R2P in Action
Even though Barack Obama had explicitly campaigned against George W Bush’s foreign policy (as well as Hillary Clinton’s in the Democratic primary), he soon proved himself amenable to many of their ideas. Power was a key influencer, holding multiple positions in the Obama administration.
Her time to cheerlead the U.S.’s first explicit invocation of R2P would soon be found in Libya. Though initially reluctant, Obama would be convinced by the leadership in Britain and France, as well as the endless lobbying by people in his own administration like Clinton and Power, to sign off on providing air cover and military assistance to the rebels against Colonel Gaddafi’s government.
By Obama’s own admission, it would become his worst mistake as president. Libya, once Africa’s most developed country, is now a hotbed of civil war, jihadist pockets and slave markets. The NATO operation may have “protected” some of the Libyan people from repression by internal state security forces, but it opened them up to far greater miseries beyond their prior imagining.
The proponents of R2P often point to Rwanda as the example for why interventionism is necessary. This is a harder case to make these days given the crumbling propaganda myths around Rwanda and Rwandan President Paul Kagame. Rwanda’s recent prosperity has been achieved through the murderous theft of Congolese mineral wealth. Furthermore, there is strong evidence to indicate that the 1994 presidential assassination which sparked the mass killings was masterminded by Kagame.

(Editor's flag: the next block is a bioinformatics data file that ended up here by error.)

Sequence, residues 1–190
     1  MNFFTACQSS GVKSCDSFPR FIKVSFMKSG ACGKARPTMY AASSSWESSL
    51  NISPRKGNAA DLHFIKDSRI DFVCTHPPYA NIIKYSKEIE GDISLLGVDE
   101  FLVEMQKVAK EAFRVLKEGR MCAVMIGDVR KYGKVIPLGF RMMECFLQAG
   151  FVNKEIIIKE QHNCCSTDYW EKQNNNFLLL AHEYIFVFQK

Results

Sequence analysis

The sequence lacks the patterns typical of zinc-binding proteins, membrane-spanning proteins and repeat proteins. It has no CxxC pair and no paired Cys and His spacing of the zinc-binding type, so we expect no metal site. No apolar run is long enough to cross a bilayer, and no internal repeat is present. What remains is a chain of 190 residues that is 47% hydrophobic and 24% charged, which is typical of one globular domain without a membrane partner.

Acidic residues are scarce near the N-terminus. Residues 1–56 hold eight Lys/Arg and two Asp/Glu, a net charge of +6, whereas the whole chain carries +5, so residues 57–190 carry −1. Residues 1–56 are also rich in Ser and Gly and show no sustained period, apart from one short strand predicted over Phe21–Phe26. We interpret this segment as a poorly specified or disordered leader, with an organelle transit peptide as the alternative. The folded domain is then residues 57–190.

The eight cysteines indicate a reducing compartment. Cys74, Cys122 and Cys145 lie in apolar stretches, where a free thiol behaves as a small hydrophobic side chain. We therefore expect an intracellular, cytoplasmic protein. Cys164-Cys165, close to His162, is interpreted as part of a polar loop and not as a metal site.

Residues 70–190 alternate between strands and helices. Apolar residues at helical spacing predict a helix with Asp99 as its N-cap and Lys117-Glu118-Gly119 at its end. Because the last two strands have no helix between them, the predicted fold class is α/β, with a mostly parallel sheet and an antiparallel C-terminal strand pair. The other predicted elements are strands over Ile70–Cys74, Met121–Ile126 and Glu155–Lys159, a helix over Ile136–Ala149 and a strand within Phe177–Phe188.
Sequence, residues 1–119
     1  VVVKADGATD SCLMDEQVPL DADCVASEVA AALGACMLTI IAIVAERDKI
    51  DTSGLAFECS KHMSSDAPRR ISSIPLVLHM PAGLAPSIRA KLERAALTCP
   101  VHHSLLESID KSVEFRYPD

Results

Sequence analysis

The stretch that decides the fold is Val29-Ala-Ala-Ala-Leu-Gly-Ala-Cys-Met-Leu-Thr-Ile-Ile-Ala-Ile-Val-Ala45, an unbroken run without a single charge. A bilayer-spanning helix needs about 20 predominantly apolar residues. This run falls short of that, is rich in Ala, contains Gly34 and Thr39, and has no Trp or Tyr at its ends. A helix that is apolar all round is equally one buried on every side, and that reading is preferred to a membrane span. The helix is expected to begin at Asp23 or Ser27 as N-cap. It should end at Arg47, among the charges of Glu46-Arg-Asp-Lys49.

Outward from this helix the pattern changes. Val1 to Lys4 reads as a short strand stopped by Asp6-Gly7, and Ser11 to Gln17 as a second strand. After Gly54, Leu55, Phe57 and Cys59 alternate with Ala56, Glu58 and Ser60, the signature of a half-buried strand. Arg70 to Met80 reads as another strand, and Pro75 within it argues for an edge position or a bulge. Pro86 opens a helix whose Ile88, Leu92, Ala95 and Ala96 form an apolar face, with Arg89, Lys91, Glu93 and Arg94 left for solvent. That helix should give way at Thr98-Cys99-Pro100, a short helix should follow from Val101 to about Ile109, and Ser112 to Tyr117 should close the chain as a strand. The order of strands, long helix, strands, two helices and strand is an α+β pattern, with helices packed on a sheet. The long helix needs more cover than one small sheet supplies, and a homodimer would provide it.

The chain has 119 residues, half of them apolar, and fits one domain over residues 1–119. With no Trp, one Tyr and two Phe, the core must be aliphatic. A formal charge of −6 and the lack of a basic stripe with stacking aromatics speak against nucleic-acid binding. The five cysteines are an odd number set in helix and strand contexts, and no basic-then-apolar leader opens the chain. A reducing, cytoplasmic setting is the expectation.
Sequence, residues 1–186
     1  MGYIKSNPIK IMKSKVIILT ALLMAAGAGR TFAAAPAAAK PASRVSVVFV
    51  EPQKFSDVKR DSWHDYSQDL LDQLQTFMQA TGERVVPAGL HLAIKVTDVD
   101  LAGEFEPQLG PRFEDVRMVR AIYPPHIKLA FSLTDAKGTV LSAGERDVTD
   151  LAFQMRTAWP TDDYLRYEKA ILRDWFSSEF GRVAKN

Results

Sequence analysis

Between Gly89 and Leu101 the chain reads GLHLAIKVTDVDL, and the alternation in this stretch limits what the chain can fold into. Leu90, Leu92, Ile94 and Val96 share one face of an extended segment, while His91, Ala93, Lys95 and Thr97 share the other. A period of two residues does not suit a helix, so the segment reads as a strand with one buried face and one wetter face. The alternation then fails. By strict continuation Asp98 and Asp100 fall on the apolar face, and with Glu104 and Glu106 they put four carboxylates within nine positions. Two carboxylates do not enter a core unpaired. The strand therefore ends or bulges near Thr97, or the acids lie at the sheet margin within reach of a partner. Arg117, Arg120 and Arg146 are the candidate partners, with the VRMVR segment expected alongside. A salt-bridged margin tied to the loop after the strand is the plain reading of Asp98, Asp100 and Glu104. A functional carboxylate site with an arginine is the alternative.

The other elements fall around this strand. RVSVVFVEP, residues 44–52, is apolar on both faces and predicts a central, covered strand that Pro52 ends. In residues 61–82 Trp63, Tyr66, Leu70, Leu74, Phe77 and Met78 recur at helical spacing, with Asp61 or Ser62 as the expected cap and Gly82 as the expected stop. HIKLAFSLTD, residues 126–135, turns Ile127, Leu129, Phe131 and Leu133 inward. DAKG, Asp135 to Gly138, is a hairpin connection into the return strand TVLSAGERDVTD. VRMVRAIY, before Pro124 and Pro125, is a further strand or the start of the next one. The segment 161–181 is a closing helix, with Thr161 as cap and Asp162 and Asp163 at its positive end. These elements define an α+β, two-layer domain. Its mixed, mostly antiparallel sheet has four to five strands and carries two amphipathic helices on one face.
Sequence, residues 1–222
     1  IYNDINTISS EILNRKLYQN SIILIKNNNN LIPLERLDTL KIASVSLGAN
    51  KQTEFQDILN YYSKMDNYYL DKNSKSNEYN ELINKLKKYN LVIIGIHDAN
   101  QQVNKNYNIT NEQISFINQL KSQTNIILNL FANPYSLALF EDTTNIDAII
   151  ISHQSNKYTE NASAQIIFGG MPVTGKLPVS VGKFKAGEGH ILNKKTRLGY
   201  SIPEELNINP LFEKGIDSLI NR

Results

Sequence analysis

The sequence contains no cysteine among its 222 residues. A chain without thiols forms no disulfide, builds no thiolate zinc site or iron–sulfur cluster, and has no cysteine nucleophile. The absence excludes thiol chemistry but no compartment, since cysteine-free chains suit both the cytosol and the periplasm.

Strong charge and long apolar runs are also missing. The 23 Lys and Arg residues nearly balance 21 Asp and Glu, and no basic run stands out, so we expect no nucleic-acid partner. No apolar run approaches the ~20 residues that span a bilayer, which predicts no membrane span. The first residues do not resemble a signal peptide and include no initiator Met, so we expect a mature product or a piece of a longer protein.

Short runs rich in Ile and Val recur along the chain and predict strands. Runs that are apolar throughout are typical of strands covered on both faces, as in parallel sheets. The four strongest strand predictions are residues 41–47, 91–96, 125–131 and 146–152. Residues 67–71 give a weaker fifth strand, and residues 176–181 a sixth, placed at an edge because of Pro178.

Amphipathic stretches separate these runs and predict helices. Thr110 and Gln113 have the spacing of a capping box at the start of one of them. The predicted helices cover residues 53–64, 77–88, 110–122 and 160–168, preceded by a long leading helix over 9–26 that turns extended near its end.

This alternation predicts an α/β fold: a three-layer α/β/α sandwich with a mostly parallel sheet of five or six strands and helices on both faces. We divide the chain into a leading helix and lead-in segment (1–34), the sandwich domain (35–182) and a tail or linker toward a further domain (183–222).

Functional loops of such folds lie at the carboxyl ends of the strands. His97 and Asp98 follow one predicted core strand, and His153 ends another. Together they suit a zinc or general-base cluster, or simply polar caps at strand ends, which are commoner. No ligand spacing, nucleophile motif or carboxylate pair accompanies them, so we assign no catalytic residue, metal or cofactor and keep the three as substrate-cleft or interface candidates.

Power is merely one of the most visible manifestations of this kind of selective ideology, one that festers in elite universities, upper-middle-income brackets, and among the rank and file of the foreign policy establishment. It is easy to dismiss such sentiments as purely ideological cover for far more cynical motives, but for many in the Beltway establishment, these sentiments can be very real and genuine, even if they are often not the primary motivations for justifying primacy.
It certainly explains why people support such policies despite repeated failures that could not be justified in terms of strategic calculation for anyone who is not a defense contractor profiting directly from conflict. That said, the truism holds when applied to the foreign policy establishment: “It is difficult to get a man to understand something, when his salary depends on his not understanding it.”
Militarized Humanitarianism and the Cosmopolitan Dystopia
It cannot be denied that such policies are tied in with the acolytes of Samantha Power, and thus in turn with a sprawling defense establishment drunk on delusions of its own exceptionalism and fully aligned with the greater objectives of continued imperial expansion. What we are most likely going to see, if present trends continue, is the merging of the two consistent ideological projects of the present-day present Democratic Party: establishment culture war and the intertwined rehabilitation of neoconservatives.
Though such a project will have little popular appeal, it will provide a unifying force for the government, mainstream media, and nonprofit sectors to advocate for future regime change and military interventionist operations. R2P is about to return, hoping that the American public’s notoriously short attention span has long forgotten the disasters of intervention in Libya and Syria.